John Newbery (1713–1767) is renowned for his prominent contribution in establishing the first “children’s-book-only publishing house” (Timnell and Jacobs, 81) and creating a “permanent and profitable market” for British children’s books (Grenby, 5). While not the first publisher to print for children, “Newbery was one of the first publishers to view children as consumers” and contributed to the development of children’s literature in the eighteenth century (Dawson, 176). Newbery is remembered in the American children’s book prize, The John Newbery Medal, first awarded in 1922.

John Newbery was born in Waltham St. Lawrence, Berkshire, England to …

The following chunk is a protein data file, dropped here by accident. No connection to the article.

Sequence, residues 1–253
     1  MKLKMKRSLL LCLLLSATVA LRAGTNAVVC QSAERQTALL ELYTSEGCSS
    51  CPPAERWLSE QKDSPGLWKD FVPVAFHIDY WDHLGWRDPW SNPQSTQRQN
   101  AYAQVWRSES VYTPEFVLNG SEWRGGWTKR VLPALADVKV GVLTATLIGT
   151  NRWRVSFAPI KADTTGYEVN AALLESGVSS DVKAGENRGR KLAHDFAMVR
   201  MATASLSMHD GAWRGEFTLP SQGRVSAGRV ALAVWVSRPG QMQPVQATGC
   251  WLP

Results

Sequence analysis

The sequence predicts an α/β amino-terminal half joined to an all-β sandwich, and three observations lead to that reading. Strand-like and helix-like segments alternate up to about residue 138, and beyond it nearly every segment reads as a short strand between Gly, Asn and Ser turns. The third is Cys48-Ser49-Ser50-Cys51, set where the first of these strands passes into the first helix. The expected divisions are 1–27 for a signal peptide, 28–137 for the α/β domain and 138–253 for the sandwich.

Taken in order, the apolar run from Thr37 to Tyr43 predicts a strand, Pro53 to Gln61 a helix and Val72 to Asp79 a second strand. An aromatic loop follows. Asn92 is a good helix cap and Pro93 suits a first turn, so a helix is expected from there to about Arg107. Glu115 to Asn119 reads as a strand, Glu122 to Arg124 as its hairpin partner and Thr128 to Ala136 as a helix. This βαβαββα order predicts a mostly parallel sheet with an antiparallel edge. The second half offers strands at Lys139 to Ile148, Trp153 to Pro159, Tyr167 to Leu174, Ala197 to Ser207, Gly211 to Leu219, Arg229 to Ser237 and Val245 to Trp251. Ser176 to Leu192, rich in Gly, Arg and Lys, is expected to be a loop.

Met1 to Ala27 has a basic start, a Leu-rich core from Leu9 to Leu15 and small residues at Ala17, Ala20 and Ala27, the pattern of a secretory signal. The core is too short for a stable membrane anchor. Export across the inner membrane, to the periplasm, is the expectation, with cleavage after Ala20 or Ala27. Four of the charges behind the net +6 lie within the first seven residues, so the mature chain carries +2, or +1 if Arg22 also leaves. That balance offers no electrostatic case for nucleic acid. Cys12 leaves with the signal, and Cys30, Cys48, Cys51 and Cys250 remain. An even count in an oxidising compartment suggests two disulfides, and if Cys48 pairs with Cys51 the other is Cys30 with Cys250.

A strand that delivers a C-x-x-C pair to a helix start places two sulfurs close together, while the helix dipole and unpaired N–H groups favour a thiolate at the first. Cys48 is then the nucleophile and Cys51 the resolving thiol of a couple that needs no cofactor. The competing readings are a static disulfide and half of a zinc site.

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Citation: Price, Pamela. "John Newbery". The Literary Encyclopedia. First published 03 March 2023 [, accessed 31 March 2023.]

3325 John Newbery 1 Historical context notes are intended to give basic and preliminary information on a topic. In some cases they will be expanded into longer entries as the Literary Encyclopedia evolves.

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